Offline Stray Electron

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Re: Is there a simple hack to evaluate power supply
« Reply #7 on: May 13, 2021, 01:34:43 am »
  I deal with a lot used power supplies and unless it's something special, I don't usually bother with a PS that doesn't have a constant current mode or an adjustable current limit. That said, my initial quick and dirty test for used power supplies to connect a cheap but reliable DVM to the output and first check and see that the PS delivers the more or less correct voltage and that the output voltage can be adjusted. Then I turn the current limit all of the way down and while I still have the DVM attached, I turn the output voltage down to about 1 VDC. Then I connect the DVM up so that it reads as an amp meter using it's highest amp range, and I connect that to the PS output. Then I watch the amp reading as I turn the current limit up and down (keeping it within range of the DVM!).  That allows me to check that the PS's current regulator is also working.

  Accuracy is limited by the accuracy of the DVM but it still allows me to quickly check to see if the PS is basically functioning correctly.  I always do this Q&D test before connecting an expensive meter to a new-to-me PS.  Setting the output voltage to about 1 VDC before checking the current output also limits the power and heat dissipation and the possibility of damage in the meter.

  Once I have some confidence that the PS actually is controlling the output voltage and then current then I can test it at higher voltages and/or higher currents. But when measuring current always keep in mind the amount of power (volts times amps) that your meter might might be having to dissipate.  Some of the larger HP PSs that I have can easily supply 80+ volts at about 40 Amps so that's potentially over 3200 Watts and no small meter is going to be able to absorb that much power.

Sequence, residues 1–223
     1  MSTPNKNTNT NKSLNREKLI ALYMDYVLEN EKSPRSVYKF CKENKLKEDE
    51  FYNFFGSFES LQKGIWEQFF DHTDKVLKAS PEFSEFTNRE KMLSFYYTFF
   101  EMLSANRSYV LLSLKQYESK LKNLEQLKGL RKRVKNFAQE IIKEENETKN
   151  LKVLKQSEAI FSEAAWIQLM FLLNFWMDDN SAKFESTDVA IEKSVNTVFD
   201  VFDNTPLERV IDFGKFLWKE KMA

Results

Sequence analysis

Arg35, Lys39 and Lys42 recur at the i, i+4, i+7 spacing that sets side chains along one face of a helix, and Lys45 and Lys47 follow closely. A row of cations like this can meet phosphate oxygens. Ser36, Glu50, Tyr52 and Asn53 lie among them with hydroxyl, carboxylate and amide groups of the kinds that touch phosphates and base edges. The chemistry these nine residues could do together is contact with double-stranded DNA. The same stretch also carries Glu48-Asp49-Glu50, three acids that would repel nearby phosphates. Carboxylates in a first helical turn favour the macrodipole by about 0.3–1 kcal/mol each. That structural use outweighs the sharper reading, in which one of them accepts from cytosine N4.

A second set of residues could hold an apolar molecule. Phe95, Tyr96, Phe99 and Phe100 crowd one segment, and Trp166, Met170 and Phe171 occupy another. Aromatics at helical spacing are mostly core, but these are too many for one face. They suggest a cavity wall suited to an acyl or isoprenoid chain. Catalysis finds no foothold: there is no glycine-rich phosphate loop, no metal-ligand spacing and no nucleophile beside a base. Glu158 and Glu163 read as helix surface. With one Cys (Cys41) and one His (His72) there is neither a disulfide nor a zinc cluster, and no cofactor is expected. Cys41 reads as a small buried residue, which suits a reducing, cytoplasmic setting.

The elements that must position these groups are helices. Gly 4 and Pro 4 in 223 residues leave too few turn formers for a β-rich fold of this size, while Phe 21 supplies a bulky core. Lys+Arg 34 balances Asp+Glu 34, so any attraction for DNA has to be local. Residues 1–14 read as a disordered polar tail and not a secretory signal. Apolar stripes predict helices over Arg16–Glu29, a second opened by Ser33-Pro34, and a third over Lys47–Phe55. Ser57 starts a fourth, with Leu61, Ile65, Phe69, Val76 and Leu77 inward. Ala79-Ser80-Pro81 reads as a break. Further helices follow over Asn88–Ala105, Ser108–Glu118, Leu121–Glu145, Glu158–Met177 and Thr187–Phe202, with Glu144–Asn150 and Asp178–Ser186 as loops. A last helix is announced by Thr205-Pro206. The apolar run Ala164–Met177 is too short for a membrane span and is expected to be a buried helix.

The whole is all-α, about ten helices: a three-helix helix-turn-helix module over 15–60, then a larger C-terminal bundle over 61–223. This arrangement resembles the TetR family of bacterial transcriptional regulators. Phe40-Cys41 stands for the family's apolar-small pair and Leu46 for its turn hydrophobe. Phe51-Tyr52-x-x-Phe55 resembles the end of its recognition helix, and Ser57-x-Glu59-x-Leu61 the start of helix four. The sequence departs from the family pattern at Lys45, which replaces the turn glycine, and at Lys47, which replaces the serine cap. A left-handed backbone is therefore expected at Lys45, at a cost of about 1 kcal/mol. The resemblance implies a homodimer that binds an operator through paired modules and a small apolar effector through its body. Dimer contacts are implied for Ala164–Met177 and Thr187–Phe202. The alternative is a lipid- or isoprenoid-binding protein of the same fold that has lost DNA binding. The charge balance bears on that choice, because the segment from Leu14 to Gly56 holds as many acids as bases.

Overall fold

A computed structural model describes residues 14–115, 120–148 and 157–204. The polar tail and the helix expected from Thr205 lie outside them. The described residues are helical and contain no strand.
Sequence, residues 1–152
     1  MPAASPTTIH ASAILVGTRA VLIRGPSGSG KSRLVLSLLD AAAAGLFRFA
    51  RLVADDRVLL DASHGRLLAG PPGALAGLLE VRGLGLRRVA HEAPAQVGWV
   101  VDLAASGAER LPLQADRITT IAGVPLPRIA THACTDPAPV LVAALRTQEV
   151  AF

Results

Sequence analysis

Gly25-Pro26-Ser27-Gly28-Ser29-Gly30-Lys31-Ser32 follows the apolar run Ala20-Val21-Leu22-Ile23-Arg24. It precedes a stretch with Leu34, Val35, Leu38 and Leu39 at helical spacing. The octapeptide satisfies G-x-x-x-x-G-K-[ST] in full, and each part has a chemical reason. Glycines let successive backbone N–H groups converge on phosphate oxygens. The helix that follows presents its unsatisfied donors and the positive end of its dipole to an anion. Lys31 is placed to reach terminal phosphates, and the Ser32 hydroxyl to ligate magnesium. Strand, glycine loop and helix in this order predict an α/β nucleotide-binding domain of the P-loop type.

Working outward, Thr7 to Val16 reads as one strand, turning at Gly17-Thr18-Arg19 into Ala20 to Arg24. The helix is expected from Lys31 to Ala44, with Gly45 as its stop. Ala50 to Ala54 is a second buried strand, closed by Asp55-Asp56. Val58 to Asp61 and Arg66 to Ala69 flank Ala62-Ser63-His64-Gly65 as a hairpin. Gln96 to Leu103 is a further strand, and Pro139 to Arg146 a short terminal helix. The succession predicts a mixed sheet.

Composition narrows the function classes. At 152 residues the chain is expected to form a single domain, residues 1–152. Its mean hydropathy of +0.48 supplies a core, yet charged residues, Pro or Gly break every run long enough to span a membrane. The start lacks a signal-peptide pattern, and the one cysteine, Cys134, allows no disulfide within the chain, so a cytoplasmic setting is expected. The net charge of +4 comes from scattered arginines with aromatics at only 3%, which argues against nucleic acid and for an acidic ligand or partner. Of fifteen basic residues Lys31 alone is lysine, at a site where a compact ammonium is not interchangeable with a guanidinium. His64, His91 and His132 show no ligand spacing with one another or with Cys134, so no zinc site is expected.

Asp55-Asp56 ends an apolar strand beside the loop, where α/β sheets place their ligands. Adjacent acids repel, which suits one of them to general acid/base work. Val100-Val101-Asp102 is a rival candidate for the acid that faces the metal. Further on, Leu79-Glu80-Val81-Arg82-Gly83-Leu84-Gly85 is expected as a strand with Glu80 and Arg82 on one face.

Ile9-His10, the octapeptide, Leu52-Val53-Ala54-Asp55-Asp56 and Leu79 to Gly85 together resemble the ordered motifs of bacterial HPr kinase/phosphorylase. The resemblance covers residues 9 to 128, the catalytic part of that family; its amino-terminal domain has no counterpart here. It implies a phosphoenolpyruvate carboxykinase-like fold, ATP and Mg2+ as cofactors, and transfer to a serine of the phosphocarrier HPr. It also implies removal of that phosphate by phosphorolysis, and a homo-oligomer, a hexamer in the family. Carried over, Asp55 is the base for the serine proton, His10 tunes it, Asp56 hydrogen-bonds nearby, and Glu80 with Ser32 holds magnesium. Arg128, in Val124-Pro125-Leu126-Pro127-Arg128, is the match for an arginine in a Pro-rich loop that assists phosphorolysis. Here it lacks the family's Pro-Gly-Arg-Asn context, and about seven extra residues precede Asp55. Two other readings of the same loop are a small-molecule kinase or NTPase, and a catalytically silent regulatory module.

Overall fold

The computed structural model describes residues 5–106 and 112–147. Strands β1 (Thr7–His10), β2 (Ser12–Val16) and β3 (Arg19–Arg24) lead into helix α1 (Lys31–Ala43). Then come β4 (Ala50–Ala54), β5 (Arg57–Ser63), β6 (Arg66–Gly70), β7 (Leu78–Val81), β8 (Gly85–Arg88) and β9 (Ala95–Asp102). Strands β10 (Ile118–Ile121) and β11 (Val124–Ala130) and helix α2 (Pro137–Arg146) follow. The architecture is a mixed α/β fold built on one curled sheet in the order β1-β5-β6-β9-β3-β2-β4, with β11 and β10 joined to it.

Offline Doctorandus_P

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Re: Is there a simple hack to evaluate power supply
« Reply #8 on: May 13, 2021, 01:43:12 am »
A decent lab power supply should be able to handle a 1A current into an (almost short circuit) cable easily. Especially if it's for a few measurements to measure cable resistance. I do not recommend to short your power supply and then go have dinner or something.


Lightbulbs can be used as a simple load, but their cold resistance is much lower then their hot resistance and the can draw high current peaks when first connected. Especially with Halogen lamps.

This is a bit of an extreme example, but it makes it perfectly clear:
 
 

Online ledtester

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Re: Is there a simple hack to evaluate power supply
« Reply #9 on: May 13, 2021, 02:00:53 am »
Some videos...

- Lamps used in action to test a 12V 50A power supply:

https://youtu.be/tzoVcU9Bg_Y

- Building a load tester using lamps:

https://youtu.be/sFYHVK4ngXE

Btw - the clamp meter used in the first video is the Uni-T 210E which has gotten a lot of favorable reviews on this forum.
« Last Edit: May 13, 2021, 02:05:11 am by ledtester »
 

Offline james_s

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Re: Is there a simple hack to evaluate power supply
« Reply #10 on: May 13, 2021, 07:17:39 am »
A decent lab power supply should be able to handle a 1A current into an (almost short circuit) cable easily. Especially if it's for a few measurements to measure cable resistance. I do not recommend to short your power supply and then go have dinner or something.

Who said anything about lab power supplies? He mentioned "module", which leads me to believe these are power supplies intended to be integrated into some kind of equipment, not a bench power supply.
 

Offline bobbydazzler

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Re: Is there a simple hack to evaluate power supply
« Reply #11 on: May 13, 2021, 11:42:08 am »
10w power resistors are pretty cheap, you should have some of those anyway.  I'd recommend 5-10R x 10pieces, this can easily be configured to any resistance value you'd need for psu testing purposes(for higher resistances cheap 0.25w resistors are fine).
https://www.ebay.com.au/itm/164194153463?hash=item263abbf3f7:g:QpUAAOSw161euN7K&var=464106066759